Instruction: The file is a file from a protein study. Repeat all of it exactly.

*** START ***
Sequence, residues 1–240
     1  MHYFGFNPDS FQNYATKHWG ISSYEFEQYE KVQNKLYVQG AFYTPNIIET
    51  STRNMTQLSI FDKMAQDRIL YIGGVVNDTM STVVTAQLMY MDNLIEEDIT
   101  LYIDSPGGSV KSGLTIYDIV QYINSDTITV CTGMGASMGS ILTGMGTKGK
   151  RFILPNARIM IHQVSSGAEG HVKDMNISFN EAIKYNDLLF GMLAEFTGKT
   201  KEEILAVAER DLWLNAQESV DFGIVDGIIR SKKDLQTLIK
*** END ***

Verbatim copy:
Sequence, residues 1–240
     1  MHYFGFNPDS FQNYATKHWG ISSYEFEQYE KVQNKLYVQG AFYTPNIIET
    51  STRNMTQLSI FDKMAQDRIL YIGGVVNDTM STVVTAQLMY MDNLIEEDIT
   101  LYIDSPGGSV KSGLTIYDIV QYINSDTITV CTGMGASMGS ILTGMGTKGK
   151  RFILPNARIM IHQVSSGAEG HVKDMNISFN EAIKYNDLLF GMLAEFTGKT
   201  KEEILAVAER DLWLNAQESV DFGIVDGIIR SKKDLQTLIK